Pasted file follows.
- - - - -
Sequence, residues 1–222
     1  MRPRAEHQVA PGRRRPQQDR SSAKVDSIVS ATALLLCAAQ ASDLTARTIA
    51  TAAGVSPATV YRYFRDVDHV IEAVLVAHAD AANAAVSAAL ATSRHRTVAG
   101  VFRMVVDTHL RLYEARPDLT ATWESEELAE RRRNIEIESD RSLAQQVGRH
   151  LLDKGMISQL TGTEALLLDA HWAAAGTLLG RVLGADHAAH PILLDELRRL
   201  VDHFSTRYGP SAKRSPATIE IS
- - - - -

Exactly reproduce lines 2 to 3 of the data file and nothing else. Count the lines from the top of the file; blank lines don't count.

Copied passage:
     1  MRPRAEHQVA PGRRRPQQDR SSAKVDSIVS ATALLLCAAQ ASDLTARTIA
    51  TAAGVSPATV YRYFRDVDHV IEAVLVAHAD AANAAVSAAL ATSRHRTVAG